Depressive symptoms were assessed in 1992, 1996, and 2000 with the five-item Mental Health Index, a validated indicator of major depression. Women were also considered depressed if they had been diagnosed with depression by a clinician or were using antidepressants. In 2000, about 22% of participants were depressed.
Between 2000 and 2006, 1,033 women had strokes that were confirmed through medical records, autopsy reports, and death certificates. The researchers found that women who were depressed had a 41% greater risk of stroke compared with women who never reported depression or antidepressant use.
Antidepressant use was also related to stroke risk. Whether they were considered depressed or not, women who took selective serotonin reuptake inhibitors (SSRIs), the most commonly prescribed antidepressants, were at 39% greater risk of stroke than nonusers. This finding is consistent with a 2009 study based on Women’s Health Initiative data that showed an increased stroke risk among postmenopausal women taking SSRIs. But reports on this matter have been inconsistent, and much more research is needed. It may be that antidepressants are a marker of depression severity rather than a cause of stroke. Also, antidepressants are used for pain and other disorders that in some yet-to-be-identified way may influence stroke risk. And SSRIs may affect the blood’s ability to clot, which may increase risk of hemorrhagic (“bleeding”) stroke.
Depression doesn’t affect only the brain. It causes a number of physical changes elsewhere in the body that can pave the way for cardiovascular disease. Depression increases low-grade inflammation, which plays a part in artery-clogging atherosclerosis and the rupture of cholesterol-filled plaque, which in turn can lead to a heart attack or stroke. Depression also boosts the production of stress hormones, which dull the response of the heart and arteries to demands for increased blood flow. It activates blood cell fragments known as platelets, making them more likely to clump and form clots in the bloodstream. Studies have also shown that depressed women have lower levels of high-density lipoprotein (HDL), the “good” cholesterol. (Low HDL levels are an independent risk factor for heart disease.)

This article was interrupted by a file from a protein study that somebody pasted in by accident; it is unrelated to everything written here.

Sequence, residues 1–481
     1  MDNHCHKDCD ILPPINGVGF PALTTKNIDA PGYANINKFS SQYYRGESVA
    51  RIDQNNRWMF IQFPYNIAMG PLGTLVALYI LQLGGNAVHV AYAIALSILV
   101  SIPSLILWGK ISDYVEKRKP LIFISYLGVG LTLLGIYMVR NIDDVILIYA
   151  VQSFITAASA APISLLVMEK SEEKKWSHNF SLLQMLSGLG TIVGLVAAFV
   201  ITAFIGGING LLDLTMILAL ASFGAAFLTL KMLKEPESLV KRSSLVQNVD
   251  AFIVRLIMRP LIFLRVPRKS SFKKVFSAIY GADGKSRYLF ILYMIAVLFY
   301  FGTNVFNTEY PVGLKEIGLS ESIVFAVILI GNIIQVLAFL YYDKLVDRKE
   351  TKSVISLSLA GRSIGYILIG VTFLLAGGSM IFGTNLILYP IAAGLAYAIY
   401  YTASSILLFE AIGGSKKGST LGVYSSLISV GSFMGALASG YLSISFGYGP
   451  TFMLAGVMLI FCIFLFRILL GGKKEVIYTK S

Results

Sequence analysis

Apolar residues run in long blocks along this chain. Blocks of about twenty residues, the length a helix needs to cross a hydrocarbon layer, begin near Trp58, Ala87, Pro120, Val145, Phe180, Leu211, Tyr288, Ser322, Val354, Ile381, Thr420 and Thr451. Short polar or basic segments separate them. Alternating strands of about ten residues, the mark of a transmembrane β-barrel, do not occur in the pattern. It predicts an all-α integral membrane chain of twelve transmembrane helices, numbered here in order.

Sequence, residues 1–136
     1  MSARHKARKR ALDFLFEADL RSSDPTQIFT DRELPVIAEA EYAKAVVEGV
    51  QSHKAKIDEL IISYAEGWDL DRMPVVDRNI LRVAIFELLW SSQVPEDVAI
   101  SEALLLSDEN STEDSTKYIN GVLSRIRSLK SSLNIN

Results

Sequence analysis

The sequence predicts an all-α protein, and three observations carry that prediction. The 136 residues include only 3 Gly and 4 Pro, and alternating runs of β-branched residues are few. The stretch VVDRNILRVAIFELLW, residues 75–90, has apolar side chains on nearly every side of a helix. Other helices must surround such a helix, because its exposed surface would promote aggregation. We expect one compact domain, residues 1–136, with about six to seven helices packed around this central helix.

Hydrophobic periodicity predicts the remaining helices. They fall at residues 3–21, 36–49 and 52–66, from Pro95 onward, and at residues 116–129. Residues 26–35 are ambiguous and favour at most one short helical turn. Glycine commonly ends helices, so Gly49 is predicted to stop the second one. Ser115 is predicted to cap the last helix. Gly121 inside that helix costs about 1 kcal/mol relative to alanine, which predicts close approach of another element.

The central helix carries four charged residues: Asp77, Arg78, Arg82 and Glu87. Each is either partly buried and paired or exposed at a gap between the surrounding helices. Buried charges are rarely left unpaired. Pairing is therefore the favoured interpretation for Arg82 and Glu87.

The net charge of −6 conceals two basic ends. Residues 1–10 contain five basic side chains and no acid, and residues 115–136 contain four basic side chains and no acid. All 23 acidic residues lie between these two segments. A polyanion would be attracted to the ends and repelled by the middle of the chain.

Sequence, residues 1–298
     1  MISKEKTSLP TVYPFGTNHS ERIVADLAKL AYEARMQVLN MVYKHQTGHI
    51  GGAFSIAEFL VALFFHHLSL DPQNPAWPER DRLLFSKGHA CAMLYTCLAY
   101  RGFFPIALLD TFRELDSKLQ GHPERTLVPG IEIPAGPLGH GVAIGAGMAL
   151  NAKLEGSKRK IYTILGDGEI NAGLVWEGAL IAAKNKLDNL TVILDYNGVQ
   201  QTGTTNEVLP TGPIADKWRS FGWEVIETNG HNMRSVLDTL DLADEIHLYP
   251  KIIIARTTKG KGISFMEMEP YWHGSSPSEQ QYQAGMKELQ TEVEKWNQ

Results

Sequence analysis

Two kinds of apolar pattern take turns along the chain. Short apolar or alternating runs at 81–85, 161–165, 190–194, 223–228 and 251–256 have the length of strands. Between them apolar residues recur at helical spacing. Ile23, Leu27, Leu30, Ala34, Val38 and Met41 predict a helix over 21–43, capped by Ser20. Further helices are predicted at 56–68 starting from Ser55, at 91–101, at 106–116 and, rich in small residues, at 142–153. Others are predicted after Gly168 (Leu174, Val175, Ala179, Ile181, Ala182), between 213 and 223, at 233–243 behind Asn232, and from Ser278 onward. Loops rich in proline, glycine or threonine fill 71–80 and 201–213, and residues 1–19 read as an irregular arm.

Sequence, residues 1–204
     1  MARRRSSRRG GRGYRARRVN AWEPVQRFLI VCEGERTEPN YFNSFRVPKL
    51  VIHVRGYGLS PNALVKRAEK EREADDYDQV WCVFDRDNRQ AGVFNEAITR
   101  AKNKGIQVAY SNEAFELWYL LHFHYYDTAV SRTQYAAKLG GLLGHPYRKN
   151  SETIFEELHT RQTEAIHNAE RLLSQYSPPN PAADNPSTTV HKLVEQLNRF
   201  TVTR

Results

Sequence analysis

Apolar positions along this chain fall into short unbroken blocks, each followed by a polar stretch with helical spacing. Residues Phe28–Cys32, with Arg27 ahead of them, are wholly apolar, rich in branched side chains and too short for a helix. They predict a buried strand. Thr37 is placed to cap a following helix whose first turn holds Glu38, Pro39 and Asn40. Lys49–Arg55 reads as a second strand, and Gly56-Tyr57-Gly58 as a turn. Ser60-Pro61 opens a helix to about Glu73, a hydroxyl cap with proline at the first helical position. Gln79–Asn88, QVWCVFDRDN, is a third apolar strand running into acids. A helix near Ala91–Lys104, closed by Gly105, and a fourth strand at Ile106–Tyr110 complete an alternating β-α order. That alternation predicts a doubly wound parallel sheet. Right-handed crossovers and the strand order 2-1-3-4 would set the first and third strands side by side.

Behavior changes brought on by depression may have an even more important impact. People who are depressed may find it hard to exercise, pay attention to what they are eating, control their weight, or take the medications they need to protect their health. They may also withdraw from friends, family, and social activities, which also increases the risk for cardiovascular problems.
Many questions remain, however. The exact mechanisms that link depression with cardiovascular disease may take a while to sort out. In the meantime, cardiovascular health is one more reason why people shouldn’t ignore the signs and symptoms of depression or put off doing something about them. As readers of this newsletter know, there are many ways to treat depression, including medications, various types of psychotherapy, and exercise (which also helps the heart and arteries).
Of course, the biggest obstacle to treating depression may be a person’s inability to recognize the problem or reluctance to seek treatment. Clinicians can promote better outcomes by routinely asking their patients about symptoms of depression and encouraging them to address these mood problems.Read Full Post | Make a Comment ( None so far )